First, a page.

Categorized | Automotives

Vetting The Corvette

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The Corvette has long been a symbol of the American sports car. With a rich history dating back to 1953, it strikes a powerfully nostalgic tone with its buyers.  However, many true sports car fans dislike the Corvette because it is a car with a duel personality disorder. It is not that it is a bad car, the problem is that it is a Chevy.

Chevy’s have always been known for their affordability, longevity and reliability. The very opposite of what a high- speed super car like the Corvette stands for. In fact, the average Corvette buyer is a 58 year old, white American male who has probably bought Chevy’s most of his life and continues to expect the same affordability in the Corvette. Due to the popularity of foreign cars and a move to more economical and green cars, the youth of today just aren’t buying the Corvette.

chevy corvette

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The problem is that Chevy wants to market the Corvette as a super sports car and hopes one day to rival the big European names, which of course means making some changes that will drive up the price. The problem is, will this cost them their current fan base? One example is that the C6 Corvette comes with clunky, hard, drive-flat tires that last forever instead of slick, high performance tires that only last 20,000 miles. When asked about it, Chevy’s response was that their fans would never go for expensive, short life tires, making the Corvette a bit of an anomaly.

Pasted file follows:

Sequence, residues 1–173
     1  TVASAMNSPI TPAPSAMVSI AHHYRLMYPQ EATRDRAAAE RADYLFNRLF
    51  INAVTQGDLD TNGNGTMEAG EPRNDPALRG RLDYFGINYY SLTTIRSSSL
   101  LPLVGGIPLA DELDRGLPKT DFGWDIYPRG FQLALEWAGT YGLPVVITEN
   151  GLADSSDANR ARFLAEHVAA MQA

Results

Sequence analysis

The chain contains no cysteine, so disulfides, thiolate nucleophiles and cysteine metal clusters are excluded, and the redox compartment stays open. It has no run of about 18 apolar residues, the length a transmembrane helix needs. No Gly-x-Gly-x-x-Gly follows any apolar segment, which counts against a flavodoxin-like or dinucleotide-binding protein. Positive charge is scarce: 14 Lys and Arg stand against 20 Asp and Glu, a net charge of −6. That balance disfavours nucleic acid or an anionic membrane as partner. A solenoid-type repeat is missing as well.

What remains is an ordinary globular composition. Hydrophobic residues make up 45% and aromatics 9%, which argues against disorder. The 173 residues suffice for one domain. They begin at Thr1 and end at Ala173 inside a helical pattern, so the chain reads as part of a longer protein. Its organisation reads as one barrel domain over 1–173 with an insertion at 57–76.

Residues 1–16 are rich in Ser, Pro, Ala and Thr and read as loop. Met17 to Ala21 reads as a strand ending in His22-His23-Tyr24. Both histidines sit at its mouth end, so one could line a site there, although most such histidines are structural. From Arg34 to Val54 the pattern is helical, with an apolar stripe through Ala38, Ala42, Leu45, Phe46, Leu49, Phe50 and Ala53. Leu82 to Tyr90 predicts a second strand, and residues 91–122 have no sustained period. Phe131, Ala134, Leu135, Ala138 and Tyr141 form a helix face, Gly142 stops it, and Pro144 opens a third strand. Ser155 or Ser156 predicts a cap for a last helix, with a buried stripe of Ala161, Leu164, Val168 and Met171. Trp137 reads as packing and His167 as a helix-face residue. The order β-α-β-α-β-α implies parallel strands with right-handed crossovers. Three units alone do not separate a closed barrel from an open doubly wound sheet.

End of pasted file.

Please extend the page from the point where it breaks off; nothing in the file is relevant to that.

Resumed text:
Another example are the seats in the Corvette. To put it bluntly, they are cheap and not sports car quality. It has been noted that the steering wheel practically hangs in your lap and that you literally slide around in the cheap seats as you make tight turns. When asked about it, Chevy’s response was the same: that their customer base wouldn’t appreciate expensive seats.

The problem is they want to amp the Corvette up to compete with Porsche and even Ferrari. So a person who buys an $80,000 Corvette will want to sit on cheap seats when a Porsche for the same price offers far more luxury? It has also been pointed out that the average age of Porsche 911 buyer is 53, not to far behind the Corvette buying age, and they are spending just as much, if not more, then the Corvette buyer.

If Chevy wants the Corvette to be taken seriously as an elite car, they are going to have to make some changes to the quality of it. In fact, it has been recommended that Chevy disassociate them self from the Corvette completely, even going so far as to remove the famous Chevy bowtie from the front and back of the car. They would not be the first to do so, as Dodge has recently done with its new super slick Viper. As Chevy movies into the next generation of Corvettes it will be interesting to how it changes and if its’ traditional fan base will change with it.

About Author: Aiden Jefferson lives in Southern California.  One place to find used cars is

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